Reactive oxygen species (ROS) generated at low levels during mitochondrial respiration have key roles in several signaling pathways. Oxidative stress (OS) arises when the generation of ROS exceeds the cell’s antioxidant scavenging ability and leads to cell damage. Physiological ROS production in spermatozoa regulates essential functional characteristics such as motility, capacitation, acrosome reaction, hyperactivation, and sperm-oocyte fusion. OS can have detrimental effects on sperm function through lipid peroxidation, protein damage, and DNA strand breakage, which can eventually affect the fertility of an individual. Substantial evidence in the literature indicates that spermatozoa experiencing OS during in vitro manipulation procedures in human-and animal-assisted reproduction are increasingly associated with iatrogenic ROS production and eventual impairment of sperm function. Although a direct association between sperm OS and human assisted reproductive techniques (ART) outcomes after in vitro fertilization (IVF) and/or intracytoplasmic sperm injection (ICSI) is still a matter of debate, studies in animal models provide enough evidence on the adverse effects of sperm OS in vitro and defective fertilization and embryo development. This review summarized the literature on sperm OS in vitro, its effects on functional ability and embryo development, and the approaches that have been proposed to reduce iatrogenic sperm damage and altered embryonic development.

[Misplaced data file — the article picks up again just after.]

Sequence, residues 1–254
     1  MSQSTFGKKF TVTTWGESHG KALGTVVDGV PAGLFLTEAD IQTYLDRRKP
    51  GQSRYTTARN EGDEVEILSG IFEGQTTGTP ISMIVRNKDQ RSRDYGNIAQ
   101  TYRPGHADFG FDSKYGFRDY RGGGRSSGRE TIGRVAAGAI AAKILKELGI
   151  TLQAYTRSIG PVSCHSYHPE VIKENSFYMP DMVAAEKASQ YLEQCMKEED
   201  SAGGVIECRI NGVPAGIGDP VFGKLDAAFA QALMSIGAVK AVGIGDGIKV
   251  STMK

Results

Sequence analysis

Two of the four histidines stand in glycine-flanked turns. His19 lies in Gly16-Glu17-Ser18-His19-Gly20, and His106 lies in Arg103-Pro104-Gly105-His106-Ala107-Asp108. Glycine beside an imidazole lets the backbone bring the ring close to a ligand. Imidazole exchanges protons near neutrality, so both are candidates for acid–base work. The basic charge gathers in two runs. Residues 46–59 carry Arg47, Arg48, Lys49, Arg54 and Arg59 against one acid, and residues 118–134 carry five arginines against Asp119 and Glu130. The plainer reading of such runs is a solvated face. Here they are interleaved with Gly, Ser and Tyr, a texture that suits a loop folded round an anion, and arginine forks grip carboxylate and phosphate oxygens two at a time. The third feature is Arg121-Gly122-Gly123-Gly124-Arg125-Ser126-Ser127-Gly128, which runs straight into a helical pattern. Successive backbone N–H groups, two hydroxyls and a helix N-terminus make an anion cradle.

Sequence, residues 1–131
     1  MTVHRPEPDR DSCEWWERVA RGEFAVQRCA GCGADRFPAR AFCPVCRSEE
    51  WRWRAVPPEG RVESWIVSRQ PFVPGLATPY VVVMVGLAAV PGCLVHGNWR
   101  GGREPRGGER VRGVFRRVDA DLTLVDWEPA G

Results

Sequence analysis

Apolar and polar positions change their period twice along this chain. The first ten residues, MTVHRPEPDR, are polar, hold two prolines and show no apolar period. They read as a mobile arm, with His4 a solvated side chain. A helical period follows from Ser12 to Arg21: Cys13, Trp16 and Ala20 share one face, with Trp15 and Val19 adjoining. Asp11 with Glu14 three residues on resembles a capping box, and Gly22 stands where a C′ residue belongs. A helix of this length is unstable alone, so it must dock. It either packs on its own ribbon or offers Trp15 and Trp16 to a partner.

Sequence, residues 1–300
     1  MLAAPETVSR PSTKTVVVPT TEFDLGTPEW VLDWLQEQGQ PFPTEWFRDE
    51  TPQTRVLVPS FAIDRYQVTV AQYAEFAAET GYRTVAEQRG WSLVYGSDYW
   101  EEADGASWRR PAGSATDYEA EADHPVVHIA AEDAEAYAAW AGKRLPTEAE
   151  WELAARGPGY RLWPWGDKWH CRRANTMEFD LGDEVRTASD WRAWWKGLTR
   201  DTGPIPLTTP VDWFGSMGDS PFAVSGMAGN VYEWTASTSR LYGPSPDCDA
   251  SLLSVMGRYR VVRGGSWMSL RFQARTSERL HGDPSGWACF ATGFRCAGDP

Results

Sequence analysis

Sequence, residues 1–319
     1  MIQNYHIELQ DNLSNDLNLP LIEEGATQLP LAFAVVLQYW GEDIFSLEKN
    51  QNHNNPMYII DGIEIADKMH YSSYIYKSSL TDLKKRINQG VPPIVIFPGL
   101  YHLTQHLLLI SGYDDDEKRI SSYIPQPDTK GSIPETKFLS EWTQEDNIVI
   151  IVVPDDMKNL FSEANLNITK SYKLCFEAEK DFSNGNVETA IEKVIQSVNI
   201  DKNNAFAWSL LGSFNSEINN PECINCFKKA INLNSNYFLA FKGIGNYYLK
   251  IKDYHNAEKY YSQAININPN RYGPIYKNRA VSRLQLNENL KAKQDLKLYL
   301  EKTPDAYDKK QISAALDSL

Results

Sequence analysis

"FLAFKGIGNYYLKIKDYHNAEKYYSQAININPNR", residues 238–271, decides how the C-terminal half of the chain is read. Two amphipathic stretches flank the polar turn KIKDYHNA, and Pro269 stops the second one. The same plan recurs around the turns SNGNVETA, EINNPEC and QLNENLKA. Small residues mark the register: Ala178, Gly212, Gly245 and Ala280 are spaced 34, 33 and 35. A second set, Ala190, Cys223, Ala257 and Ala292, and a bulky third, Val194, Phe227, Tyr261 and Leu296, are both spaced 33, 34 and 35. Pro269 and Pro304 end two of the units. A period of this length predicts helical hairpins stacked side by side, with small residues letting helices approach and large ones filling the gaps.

All Science Journal Classification (ASJC) codes
- Molecular Biology
- Clinical Biochemistry
- Cell Biology